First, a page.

A month ago I got back from my Peru expedition and since then I’ve had time to reflect on the trip and the training program I used to prepare Jim, Stephen (two Peak Condition athletes) and myself.

High camp (17,000 ft) on Artesonraju.

The trip as a whole was amazing and I’d sign-up do it again in a heartbeat. Time outdoors with friends will always be at the top of my preferred activities list. Doing it in Peru with stunning mountain views was just an incredible bonus.

Peru gave me a very specific training goal, the physical capacity to climb 4000 vertical feet with a 30lb pack at 16,000 – 20,000 feet of elevation. The specificity of my goal made it easy to prioritize my training.

Prioritization is key for success of any kind, not just training. I think most of us would rather binge watch Netflix than batch cook for the week. However, eating healthy is much easier when you prioritize cooking over streaming Narcos. Setting priorities are essential for getting your most important tasks/activities done because time keeps on slippin slippin slippin into the future….

Yes, that was a Steve Miller Band reference.

My training was spot on in preparing me to climb multiple mountains at elevation but would have been atrocious in preparing me for a powerlifting meet. Having a well-defined goal makes prioritization and consequently success possible.

When it comes to high levels of fitness, sacrifices are always part of the process. I am not just talking about the personal sacrifice of your time, but the choice to develop one quality at the expense of another. Take a cyclist and powerlifter, for example. A cyclist is sacrificing upper body strength for extremely high levels of muscular endurance. A powerlifter is sacrificing cardiovascular fitness for muscular strength.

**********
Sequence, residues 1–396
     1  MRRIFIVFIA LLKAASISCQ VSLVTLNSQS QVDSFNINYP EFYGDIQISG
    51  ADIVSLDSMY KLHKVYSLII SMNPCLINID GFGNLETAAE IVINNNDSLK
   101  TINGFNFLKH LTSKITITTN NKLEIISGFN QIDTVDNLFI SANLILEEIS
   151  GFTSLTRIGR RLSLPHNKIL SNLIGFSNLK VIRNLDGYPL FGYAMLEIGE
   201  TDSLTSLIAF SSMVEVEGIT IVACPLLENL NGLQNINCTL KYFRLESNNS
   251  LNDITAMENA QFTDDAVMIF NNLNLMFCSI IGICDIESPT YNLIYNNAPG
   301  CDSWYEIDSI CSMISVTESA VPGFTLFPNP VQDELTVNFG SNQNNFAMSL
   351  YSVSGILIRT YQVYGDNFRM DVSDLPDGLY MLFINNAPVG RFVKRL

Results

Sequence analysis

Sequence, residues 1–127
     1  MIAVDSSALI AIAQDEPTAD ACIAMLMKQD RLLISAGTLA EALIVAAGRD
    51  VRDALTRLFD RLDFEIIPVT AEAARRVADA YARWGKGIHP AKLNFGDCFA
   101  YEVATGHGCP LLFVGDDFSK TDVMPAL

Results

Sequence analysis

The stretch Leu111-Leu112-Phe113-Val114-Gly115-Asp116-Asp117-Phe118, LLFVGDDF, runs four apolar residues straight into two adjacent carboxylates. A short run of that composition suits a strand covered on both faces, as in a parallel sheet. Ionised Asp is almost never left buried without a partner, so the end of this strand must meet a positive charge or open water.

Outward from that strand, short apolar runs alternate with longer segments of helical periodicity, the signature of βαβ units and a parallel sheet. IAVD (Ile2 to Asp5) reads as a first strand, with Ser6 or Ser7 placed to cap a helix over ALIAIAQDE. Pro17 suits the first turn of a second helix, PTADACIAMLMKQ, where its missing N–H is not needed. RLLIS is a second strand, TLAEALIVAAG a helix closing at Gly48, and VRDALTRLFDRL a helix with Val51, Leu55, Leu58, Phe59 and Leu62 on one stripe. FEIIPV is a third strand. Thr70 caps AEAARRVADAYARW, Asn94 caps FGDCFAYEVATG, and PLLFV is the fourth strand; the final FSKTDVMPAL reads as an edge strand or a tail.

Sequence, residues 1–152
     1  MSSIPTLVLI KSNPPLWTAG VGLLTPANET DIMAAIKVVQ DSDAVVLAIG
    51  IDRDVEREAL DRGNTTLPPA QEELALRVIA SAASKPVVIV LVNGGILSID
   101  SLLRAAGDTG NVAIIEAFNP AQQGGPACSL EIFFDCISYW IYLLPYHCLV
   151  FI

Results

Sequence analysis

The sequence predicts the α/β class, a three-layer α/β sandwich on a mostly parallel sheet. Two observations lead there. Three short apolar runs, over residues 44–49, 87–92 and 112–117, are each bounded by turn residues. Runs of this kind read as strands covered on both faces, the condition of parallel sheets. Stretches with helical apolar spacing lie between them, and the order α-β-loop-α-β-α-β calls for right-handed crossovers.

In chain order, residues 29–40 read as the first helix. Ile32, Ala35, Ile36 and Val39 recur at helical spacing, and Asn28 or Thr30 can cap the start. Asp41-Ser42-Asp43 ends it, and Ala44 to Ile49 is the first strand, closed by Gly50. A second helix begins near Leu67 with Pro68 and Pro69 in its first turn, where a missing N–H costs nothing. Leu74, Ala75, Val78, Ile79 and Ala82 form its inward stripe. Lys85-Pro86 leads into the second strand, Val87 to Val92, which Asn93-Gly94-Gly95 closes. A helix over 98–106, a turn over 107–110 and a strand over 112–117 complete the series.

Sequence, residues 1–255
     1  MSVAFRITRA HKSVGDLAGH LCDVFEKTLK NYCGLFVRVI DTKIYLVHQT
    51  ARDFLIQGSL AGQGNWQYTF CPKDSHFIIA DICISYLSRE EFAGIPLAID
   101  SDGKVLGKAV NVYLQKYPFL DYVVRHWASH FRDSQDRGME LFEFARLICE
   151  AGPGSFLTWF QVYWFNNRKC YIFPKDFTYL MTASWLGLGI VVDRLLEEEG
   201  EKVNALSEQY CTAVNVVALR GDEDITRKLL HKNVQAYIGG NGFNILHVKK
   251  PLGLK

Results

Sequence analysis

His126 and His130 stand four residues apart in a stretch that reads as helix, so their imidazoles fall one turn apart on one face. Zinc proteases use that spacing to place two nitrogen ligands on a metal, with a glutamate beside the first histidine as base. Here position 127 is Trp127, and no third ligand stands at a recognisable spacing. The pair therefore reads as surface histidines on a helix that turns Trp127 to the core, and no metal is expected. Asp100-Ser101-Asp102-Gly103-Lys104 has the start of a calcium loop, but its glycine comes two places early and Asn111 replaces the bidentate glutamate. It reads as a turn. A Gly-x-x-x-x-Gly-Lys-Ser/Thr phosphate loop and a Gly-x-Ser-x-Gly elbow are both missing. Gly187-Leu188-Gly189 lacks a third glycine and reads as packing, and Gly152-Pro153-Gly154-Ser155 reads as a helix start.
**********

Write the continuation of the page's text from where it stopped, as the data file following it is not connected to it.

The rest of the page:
I am not saying you can’t be fit in many qualities of fitness at once. The problem is time. If you want to develop competing systems you need adequate training and recovery time. 

For example, over the 8 months of Peru prep, I averaged 7.4 hours of training each week. That doesn’t include the hours of driving to hiking/running locations. At this point in my life, I wasn’t willing to give more time for training and I am sure my wife and daughter shared the feeling.

Due to my time constraints, the last 2 months of my Peru prep strength training program was very lopsided. My total Step-up and Split Squat volume was 4,603 reps and my total Chest Pressing volume was zero.

Needless to say, my chest pressing ability is abysmal and will be for some time. I sacrificed upper body pushing for upper body pulling and leg strength and endurance. I viewed this trade-off of fitness as acceptable because it prepared me for Peru and my defined goal.

Plus I did my first 1xArm Pull-up and had legs that felt incredible on the mountains.

My success in the mountains was possible because I sacrificed other fitness qualities or movements and prioritized my training around what would be most beneficial for my goal, summiting Artesonraju.

Successful training is built around a well-defined goal, giving you the ability to prioritize. If you change your goal every other month your fitness will not progress.

As Dan John says “the goal is to keep the goal, the goal.” But before you can keep a goal you need to set one.

If you have a specific training goal have you prioritized your training to maximize your chance of success?

Set your goal and then do everything you can to prioritize it, because ambitious goals require sacrifice.